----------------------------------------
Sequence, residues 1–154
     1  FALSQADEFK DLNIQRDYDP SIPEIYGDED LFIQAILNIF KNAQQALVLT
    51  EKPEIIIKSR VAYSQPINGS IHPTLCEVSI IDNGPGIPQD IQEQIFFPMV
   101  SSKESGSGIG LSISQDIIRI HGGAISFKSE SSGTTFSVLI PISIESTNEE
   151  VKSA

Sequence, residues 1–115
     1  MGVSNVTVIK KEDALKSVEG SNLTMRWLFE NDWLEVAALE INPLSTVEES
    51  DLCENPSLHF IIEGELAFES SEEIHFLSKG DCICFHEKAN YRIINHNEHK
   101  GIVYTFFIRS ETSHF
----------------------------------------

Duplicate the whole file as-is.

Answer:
Sequence, residues 1–154
     1  FALSQADEFK DLNIQRDYDP SIPEIYGDED LFIQAILNIF KNAQQALVLT
    51  EKPEIIIKSR VAYSQPINGS IHPTLCEVSI IDNGPGIPQD IQEQIFFPMV
   101  SSKESGSGIG LSISQDIIRI HGGAISFKSE SSGTTFSVLI PISIESTNEE
   151  VKSA

Sequence, residues 1–115
     1  MGVSNVTVIK KEDALKSVEG SNLTMRWLFE NDWLEVAALE INPLSTVEES
    51  DLCENPSLHF IIEGELAFES SEEIHFLSKG DCICFHEKAN YRIINHNEHK
   101  GIVYTFFIRS ETSHF